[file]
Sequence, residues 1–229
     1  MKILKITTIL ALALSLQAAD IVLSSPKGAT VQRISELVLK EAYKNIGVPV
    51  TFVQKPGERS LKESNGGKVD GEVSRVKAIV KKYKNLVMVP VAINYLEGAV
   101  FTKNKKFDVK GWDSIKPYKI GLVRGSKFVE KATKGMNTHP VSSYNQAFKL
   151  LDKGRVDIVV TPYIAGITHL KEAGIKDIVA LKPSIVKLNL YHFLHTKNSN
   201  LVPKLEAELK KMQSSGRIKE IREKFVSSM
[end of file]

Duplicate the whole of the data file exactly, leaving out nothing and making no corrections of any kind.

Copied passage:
Sequence, residues 1–229
     1  MKILKITTIL ALALSLQAAD IVLSSPKGAT VQRISELVLK EAYKNIGVPV
    51  TFVQKPGERS LKESNGGKVD GEVSRVKAIV KKYKNLVMVP VAINYLEGAV
   101  FTKNKKFDVK GWDSIKPYKI GLVRGSKFVE KATKGMNTHP VSSYNQAFKL
   151  LDKGRVDIVV TPYIAGITHL KEAGIKDIVA LKPSIVKLNL YHFLHTKNSN
   201  LVPKLEAELK KMQSSGRIKE IREKFVSSM